Michael Phelps had to race with his goggles filled with water as he won the 200-meter butterfly yesterday. "I dove in and they filled up with water, and it got worse and worse during the race. From the 150-meter wall to the finish, I couldn't see the wall. I was just hoping I was winning."
As all open water swimmers know, getting one's goggles knocked off or filled with water is a hazard of the trade - and it happens to the world's best.
At the 2008 World Open Water Swimming Championships, Vladimir Dyatchin of Russia recalled an issue with his goggles, "[The race] was very physical. They've put in big turn buoys which is not convenient. While you go around, you get hit and there's a lot of contact. My goggles came off twice and I had to stop to fix them."
At the 2007 World Swimming Championships in the women's 5K race, Germany's Angela Maurer said, "I have never experienced such a race before. I got hit during the second lap because the American [Leah Gingrich] suddenly decided to use breaststroke. Her leg kicked me in the eye, knocked my goggles off my head. I was swimming with one eye open."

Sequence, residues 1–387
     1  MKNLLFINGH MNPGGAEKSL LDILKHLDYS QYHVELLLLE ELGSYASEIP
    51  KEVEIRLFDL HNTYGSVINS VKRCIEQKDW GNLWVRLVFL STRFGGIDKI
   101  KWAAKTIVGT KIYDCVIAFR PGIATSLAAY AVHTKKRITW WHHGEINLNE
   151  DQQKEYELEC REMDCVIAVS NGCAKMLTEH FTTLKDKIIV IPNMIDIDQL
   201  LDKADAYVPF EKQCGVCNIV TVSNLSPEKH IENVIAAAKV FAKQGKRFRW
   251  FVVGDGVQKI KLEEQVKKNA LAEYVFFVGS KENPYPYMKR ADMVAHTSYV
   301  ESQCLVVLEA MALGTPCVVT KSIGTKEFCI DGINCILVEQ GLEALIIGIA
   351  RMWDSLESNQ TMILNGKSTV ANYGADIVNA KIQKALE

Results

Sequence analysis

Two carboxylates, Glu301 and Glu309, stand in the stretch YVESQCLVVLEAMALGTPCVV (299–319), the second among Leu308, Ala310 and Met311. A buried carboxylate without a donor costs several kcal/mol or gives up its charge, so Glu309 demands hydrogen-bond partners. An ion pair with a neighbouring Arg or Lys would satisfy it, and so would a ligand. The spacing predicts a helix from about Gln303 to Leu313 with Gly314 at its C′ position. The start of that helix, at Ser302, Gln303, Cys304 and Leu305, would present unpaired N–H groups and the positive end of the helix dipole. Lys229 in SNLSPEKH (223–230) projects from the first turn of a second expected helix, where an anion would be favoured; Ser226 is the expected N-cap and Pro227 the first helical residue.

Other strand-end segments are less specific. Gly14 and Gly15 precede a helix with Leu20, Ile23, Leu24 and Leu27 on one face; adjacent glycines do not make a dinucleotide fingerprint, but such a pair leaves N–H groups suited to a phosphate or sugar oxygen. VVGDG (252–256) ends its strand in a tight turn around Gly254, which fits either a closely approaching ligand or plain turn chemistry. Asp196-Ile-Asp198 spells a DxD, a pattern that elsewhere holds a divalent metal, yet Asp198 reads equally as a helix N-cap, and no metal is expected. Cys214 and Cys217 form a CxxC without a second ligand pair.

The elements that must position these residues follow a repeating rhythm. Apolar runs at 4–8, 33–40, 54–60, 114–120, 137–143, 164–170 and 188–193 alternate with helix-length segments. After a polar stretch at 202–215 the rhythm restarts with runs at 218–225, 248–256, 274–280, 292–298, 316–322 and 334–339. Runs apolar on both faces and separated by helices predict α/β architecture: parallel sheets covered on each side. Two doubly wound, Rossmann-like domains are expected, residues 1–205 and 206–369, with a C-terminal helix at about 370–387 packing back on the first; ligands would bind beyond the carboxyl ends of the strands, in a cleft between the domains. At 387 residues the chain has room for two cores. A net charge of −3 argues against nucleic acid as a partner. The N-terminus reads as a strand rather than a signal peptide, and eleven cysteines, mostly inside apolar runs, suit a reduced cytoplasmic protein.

And, in what was undoubtedly one of her swims that made Chloe Sutton into the Olympic swimmer she is today, Chloe's goggles were completely knocked off during the first kilometer at the 2007 World Swimming Championships. Yelling frantically for help and treading water in place, Chloe was eventually given an extra pair of goggles from the course officials who raced to her aid in a JetSki (as is allowed under FINA rules). Nearly 3 minutes behind the lead pack, Chloe gamingly put on her second pair and valiently attempted to chased down the pack. While she did not catch the top swimmers who were swimming together in the lead pack, she did catch several swimmers and demonstrated the spirit and determination that open water swimmers - competitive and solo - are known for.
Photo of Michael after the 200 butterfly by 2-time Pulitzer Prize winner Doug Mills of the New York Times.